As I was writing my post on Understanding Fair Use, I realized that not only do few people understand it, it often gets confused with First Sale, an entirely different but even more essential component of copyright law, especially for libraries. I say this because that’s what my brain did. I mushed the two together. So, I thought it only prudent to clarify, if only for myself, the finer points of the First Sale Doctrine and why it is so important to libraries, not to mention used booksellers, both physical stores and digital providers (think Amazon Marketplace or eBay). But this post will just focus on libraries.
Since politics is in the news today (hello Super Tuesday!), I wanted to balance the generally negative political news with two announcements that came out last week from the White House. Continue reading
This week is Fair Use/Fair Dealing Week, which is a pretty big deal. According to the Association of Research Libraries sponsored website:
“Fair use [in the U.S.] and fair dealing [in the U.K.] are essential limitations and exceptions to copyright, allowing the use of copyrighted materials without permission from the copyright holder under certain circumstances.”
Fair use is important to librarians, since it governs how content can be “fairly” used without breaking copyright. The American Library Association has created this resource for librarians to share with their patrons. And the following graphic, commissioned by ARL and created by YIPPA, offers some essential thoughts on fair use. (Get the full graphic by clicking on the image below.)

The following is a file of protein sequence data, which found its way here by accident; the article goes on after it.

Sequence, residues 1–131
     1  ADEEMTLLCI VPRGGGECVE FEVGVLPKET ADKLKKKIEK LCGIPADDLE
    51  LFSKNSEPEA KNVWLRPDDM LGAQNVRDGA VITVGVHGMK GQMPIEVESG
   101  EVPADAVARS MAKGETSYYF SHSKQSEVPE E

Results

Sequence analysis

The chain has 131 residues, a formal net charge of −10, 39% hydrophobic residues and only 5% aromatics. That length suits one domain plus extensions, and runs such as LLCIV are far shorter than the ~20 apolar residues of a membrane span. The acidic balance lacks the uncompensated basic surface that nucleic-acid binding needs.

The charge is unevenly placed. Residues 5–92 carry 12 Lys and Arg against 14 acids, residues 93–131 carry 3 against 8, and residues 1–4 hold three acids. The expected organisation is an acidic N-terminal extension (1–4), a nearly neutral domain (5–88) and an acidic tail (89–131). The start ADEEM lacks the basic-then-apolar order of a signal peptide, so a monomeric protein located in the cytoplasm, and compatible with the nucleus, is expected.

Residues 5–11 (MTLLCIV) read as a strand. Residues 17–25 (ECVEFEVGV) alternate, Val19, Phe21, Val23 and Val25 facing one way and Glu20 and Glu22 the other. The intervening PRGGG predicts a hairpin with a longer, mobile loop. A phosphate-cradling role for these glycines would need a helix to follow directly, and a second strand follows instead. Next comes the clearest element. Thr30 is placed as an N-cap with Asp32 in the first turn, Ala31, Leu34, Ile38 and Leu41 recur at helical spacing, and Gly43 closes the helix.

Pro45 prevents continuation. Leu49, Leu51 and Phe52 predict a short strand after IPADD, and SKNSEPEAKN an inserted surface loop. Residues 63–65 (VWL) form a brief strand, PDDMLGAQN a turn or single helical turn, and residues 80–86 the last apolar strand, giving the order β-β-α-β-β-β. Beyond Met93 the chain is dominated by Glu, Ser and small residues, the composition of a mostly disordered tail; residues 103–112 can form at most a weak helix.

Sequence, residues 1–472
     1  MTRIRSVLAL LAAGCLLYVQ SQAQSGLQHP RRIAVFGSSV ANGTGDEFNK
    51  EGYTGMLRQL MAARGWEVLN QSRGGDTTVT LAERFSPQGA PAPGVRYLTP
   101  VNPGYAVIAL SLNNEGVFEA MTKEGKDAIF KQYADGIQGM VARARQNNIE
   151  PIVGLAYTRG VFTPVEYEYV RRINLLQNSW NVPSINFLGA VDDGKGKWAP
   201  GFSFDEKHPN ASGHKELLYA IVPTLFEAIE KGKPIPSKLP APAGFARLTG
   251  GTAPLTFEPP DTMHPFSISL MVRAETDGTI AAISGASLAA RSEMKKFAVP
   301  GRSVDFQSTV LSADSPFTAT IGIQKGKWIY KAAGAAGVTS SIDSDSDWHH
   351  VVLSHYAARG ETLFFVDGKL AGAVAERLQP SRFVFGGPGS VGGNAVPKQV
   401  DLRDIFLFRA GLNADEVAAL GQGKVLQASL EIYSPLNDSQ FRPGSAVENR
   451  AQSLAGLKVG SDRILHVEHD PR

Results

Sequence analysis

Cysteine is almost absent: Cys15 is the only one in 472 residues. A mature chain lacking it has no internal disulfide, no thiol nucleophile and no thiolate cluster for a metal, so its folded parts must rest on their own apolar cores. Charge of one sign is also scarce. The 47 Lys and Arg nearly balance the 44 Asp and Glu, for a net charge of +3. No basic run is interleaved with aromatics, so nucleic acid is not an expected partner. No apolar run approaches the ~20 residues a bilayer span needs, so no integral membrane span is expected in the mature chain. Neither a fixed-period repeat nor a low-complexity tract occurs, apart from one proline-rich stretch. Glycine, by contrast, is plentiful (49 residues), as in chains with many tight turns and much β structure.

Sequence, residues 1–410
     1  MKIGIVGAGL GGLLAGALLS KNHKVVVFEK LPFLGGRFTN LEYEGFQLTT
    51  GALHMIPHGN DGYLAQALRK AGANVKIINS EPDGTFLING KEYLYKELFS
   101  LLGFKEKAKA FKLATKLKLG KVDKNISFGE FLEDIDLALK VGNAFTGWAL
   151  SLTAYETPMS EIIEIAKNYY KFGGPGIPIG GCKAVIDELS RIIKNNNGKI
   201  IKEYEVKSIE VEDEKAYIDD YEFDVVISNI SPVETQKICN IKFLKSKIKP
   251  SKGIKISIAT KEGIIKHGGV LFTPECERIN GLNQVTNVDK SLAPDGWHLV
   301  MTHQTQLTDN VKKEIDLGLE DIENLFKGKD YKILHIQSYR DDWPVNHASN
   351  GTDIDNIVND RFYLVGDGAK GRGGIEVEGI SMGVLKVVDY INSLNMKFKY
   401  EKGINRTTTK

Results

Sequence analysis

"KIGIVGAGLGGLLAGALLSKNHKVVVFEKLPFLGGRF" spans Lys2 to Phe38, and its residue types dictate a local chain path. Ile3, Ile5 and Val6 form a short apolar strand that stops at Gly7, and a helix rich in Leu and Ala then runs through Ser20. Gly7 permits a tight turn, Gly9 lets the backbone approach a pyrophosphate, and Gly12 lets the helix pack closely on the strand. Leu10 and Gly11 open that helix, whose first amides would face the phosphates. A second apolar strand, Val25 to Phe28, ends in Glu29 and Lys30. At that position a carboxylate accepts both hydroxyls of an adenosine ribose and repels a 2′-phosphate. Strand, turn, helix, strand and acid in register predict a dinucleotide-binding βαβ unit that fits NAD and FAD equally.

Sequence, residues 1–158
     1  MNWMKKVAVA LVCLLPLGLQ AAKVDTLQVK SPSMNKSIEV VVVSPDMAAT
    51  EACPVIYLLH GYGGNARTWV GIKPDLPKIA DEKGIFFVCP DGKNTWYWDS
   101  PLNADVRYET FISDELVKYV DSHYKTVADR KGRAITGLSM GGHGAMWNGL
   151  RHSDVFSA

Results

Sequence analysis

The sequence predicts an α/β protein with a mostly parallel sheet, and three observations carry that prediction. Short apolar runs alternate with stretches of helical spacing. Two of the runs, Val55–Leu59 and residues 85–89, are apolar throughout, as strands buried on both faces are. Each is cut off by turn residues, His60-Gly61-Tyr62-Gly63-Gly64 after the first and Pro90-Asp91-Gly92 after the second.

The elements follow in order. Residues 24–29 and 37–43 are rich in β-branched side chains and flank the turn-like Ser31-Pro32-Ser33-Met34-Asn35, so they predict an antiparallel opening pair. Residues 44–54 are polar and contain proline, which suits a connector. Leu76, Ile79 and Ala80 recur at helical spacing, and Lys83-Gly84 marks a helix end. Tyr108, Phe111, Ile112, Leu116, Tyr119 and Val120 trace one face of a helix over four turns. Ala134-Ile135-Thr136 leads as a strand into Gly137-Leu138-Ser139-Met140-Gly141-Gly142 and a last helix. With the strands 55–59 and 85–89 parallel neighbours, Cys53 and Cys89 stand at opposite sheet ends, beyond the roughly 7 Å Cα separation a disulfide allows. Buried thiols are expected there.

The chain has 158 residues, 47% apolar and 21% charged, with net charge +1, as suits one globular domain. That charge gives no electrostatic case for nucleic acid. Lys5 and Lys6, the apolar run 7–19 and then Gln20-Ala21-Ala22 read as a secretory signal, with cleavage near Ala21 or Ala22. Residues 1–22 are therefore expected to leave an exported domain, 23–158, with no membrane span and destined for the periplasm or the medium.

The impact of fair use on scholarship is especially important in research and academic libraries, because that’s where most people affected by fair use go. But that doesn’t mean all librarians shouldn’t be familiar with the concept. At my own public library, plenty of online students, as well as some local community college students, use our public internet and computers to get their work done. This means that when they have questions about citations and the like, we are the people they ask. Public librarians, though not forced to publish, may also wish to do so at some point in their careers. Fair use will be important in that context as well. During an “appearance” on the Circulating Ideas podcast, Jessamyn West discusses how fair use affected the publication of her own book.
But fair use is important in many other contexts as well. Continue reading